Missionaries Murdered at Golbanti
1886 Maasai warriors, armed with long heavy spears and terrible clubs, met Methodist missionaries, John and Annie Houghton, just outside the stockade of their mission station at Golbanti on the Tana River. A second group of Maasai joined the first on the open road and surrounded the Houghtons.
John Houghton, born in Sherington, Lancashire on March 26, 1858, had become involved with the Methodist Church at the age of 15. At 22 years of age he became a full time working member. In July 1884 the Methodist Church set of goal to raise a special fund of 1,000 pounds Sterling to place European missionaries in Galla country in East Africa. The missionary committee of the Methodist Church issued an appeal for men to apply for this service. John Houghton volunteered and was accepted.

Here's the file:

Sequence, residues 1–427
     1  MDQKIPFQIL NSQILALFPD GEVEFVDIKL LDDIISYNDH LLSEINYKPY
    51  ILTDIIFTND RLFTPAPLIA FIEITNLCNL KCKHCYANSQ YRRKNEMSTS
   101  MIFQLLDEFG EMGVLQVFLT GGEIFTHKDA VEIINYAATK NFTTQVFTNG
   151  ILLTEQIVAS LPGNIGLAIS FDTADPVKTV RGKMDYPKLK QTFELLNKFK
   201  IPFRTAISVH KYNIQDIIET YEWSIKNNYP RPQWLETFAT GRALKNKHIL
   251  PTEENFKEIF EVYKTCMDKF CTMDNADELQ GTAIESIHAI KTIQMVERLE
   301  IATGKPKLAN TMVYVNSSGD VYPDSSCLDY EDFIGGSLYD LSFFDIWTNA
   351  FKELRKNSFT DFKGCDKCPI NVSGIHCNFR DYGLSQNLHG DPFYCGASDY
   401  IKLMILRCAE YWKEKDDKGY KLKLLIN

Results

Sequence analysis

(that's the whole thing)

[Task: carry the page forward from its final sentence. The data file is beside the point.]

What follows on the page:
At the time he was engaged to be married to Miss Annie Brown of Craigmore, Denton, Lancashire, who was also a church member. She readily agreed with his decision to go as missionaries to the Galla in East Africa. They married on September 4, 1884, and departed for Mombasa on October 22, 1884, on board the SS Kerbela. The journey through the Suez Canal took five weeks.